The Barter System - What Gives?

Shortly after I started dating R during the summer of 2009, I offered to help his mother out by working the cash register at the sweet corn stand. About an hour into my inaugural shift, a woman approached the stand carrying a tray of cookies.

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"I'll take one dozen Bodacious, please..." she said, motioning towards our best selling variety of the day. "And these are for Deb," she added.

"Oh how nice, Deb will love them," I said, setting aside the treats for R's mother. "Good news, it's a bakers dozen!" I smiled, and quoted her the price.

"No honey, the cookies. They're for Deb," the woman replied. And then she took her bag of corn, turned, and drove off in her station wagon.

I was distraught! My first day working the corn stand, and I'd been hustled! When R's mom returned later that afternoon, I confessed my failure.

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"No, no," she laughed. "That's just Nancy. She likes to barter."

Thus began my initiation into the barter culture, a this-for-that means of commerce still alive and well here in rural America.

"But how did Nancy know you'd want the cookies?" I asked incredulously.

"Well, as long as it's a fair trade, we usually accept," Deb told me.

I imagined myself at the shoe store, holding a winter coat I no longer wanted: "I'll take the pink pumps for this down jacket...they're worth about the same." No way would that fly! As a teen, I bartered with my parents: "I got an A in Social Studies! I think it's about time you extend my curfew!" I bartered on a daily basis with my alarm clock: "Just ten more minutes, and then I'll get out of bed." But this was for real!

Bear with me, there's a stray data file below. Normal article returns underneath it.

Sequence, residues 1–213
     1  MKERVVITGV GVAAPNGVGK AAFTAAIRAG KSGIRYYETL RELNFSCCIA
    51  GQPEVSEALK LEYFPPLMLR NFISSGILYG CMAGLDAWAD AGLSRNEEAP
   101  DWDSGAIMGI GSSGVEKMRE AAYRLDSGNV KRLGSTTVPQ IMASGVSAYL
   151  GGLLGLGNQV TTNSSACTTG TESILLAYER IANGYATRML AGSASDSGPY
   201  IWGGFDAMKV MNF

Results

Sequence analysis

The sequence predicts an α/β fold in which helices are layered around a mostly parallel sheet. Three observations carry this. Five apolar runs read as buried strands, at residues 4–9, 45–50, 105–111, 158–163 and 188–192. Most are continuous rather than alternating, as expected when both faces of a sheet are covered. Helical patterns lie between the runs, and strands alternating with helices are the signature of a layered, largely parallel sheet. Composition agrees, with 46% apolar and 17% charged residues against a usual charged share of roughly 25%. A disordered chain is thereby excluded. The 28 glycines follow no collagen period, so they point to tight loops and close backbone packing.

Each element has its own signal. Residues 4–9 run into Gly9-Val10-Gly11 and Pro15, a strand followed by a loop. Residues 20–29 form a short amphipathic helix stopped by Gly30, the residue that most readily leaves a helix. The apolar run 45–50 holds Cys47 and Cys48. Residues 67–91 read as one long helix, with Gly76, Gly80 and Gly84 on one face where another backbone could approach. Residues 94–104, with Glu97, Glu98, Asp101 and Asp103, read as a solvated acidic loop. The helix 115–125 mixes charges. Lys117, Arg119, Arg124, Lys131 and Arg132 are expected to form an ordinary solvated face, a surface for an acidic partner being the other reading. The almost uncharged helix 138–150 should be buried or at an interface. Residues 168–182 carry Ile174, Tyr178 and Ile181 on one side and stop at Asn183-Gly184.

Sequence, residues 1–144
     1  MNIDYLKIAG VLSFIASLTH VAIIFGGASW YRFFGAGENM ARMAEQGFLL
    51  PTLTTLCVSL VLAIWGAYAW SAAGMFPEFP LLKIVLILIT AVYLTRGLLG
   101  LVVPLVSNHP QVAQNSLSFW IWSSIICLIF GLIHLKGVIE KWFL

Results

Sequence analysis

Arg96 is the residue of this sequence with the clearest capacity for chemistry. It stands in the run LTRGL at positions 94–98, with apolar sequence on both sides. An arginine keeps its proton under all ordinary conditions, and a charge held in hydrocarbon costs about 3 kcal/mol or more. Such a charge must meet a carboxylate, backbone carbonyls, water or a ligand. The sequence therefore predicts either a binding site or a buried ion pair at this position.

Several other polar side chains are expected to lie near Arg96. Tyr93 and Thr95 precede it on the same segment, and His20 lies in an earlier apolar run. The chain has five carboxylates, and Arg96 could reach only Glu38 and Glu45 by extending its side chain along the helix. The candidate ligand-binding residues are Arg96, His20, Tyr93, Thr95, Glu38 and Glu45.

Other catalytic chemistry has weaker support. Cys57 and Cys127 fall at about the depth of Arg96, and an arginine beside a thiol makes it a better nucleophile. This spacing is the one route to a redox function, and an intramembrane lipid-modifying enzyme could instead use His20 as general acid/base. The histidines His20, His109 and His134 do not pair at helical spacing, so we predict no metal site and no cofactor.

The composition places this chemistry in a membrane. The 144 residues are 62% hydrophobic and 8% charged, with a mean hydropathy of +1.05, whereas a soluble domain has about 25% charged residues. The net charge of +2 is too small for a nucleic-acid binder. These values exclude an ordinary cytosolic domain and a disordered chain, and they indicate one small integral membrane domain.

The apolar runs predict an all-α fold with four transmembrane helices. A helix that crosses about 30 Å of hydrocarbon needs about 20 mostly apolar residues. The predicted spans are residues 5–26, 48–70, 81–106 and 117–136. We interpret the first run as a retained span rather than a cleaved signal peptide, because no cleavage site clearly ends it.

The more I thought about it, the more I was flabbergasted by the concept. It seemed so primitive and bygone...explorers bartered...Pilgrims and Native Americans bartered...cavemen bartered, trading woolly mamouth pelts for fire sticks. But this...Astonishing!

A picture of me, in warmer weather, at the farm stand
As the days and weeks rolled on, I began to get the hang of bartering. Hunks of homemade cheese, cartons of eggs, and fresh picked flowers were exchanged for the corn variety of the day. The trades were surprisingly pleasant, even for a novice like me, and felt oddly empowering.

In time, the etiquette of bartering began to make sense to me: it's OK to refuse, but try to meet people where they're coming from. Believe in your product or service and stand behind its value, but don't be boastful. Be flexible. Be generous. It all comes back around.

As with most of the country traditions I've come to understand over the past two years, bartering now feels natural to me. I'd even say I enjoy it!

Ones of these days, I just may figure out a way to barter a bit more successfully with that old alarm clock.